Back to our room (nearly) full of sixteen year old Catholics, where I was being taught these lines, it occurs to me now that had we believed those scenarios to be literal – as some young men and women of Dante’s age would have, or might have – then the vast majority of the class could have pointed its collective finger at the three or four of us who opted out of the weekly religion hour and declared: ‘There. This is where you’ll end up.’ And maybe I did think it, something along the lines of: this is my circle. The circle of me.

But my friends and I were not written into the canto. Frederick II was – he, who my mother venerated precisely because he had tried to make knowledge, and not religion, the business of the state; he who built, among many other things, the incomparable Castel del Monte.

Here is also a Cardinal, Ottaviano degli Ubaldini, because making open professions of atheism didn’t disqualify one from highest ranks of the Catholic hierarchy at a time when the power wielded by Cardinals was above all temporal and political. Here is also – and I mean quite literally, all these souls and a thousand others are crammed into a single grave – Cavalcante de’ Cavalcanti, father of Guido, a great poet and great friend of Dante, who feverishly asks the pilgrim if his son still lives. For that is the second part of the punishment: the souls of the atheists, along with some others in the great prison system of the Inferno, can see some way into the future, but not the present, like old people whose sight and whose memory can only focus on distant things. They, the Epicureans, who when they lived, lived only for the present moment.

However, the tenth canto is above all the canto of Farinata degli Uberti, the great Florentine Ghibelline (to simplify: supporter of the Holy Roman Emperor, that is to say first Frederick II, then his illegitimate son Manfred, King of Sicily, as he vied for the succession), who triumphed at Montaperti against the Guelphs of Florence and, at the great council of Empoli, cast the deciding vote against those who wanted to destroy the city; and who yet, after Manfred’s death and the rise of the Guelphs, was exhumed from the grave where he had spent the previous two decades and summarily thrown into the Arno, while two of his living sons were beheaded in the public square (a macabre feast to which Dante would have been a spectator, as a young man, long before his own disgrace and exile), and three more were burned at the stake, along with his widow Adaletta. His family’s palace, then destroyed, lies under the paving stones of what is now Piazza della Signoria.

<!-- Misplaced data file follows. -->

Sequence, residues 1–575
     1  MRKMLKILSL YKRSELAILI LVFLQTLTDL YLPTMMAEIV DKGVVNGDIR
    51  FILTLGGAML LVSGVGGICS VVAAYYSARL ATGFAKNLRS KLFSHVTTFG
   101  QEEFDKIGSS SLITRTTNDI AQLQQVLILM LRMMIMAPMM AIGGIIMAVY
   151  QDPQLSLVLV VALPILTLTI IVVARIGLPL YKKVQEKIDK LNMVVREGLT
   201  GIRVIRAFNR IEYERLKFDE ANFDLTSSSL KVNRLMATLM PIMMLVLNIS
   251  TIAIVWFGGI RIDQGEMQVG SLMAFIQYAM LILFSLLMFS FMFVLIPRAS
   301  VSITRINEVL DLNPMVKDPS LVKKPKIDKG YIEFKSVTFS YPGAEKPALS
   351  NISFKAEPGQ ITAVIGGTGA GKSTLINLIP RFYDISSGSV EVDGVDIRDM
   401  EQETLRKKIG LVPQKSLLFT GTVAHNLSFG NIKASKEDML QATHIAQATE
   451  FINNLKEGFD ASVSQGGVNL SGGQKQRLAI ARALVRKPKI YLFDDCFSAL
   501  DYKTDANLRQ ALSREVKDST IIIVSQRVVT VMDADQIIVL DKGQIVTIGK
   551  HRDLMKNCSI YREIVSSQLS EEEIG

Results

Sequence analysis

Dante and Farinata, members of feuding families – though the Ubertis were of far higher rank and importance than the Alighieris – engage in this canto in one of literature’s great dialogues. Farinata, who is disdainful of Hell and of his fate, is still somehow defiant, yet humbles himself to ask why the Florentines of Dante’s generation hate his family with such ferocity. Dante, who is desperate to hear a prophecy of his own future, is also moved by compassion for the fallen enemy and his butchered progeny. It’s a great dramatic conversation, a piece of theatre. But, as always, it must end swiftly. And, as if to undercut the parole conte – the high, ornate words thatVirgil counselled Dante to use when addressing Farinata – the two proceed to the edge of the next circle, and are immediately overcome by its stench.

So there’s something to look forward to for next time.

Previously: Inferno I, II, III, IV, V, VI, VII, VIII, IX.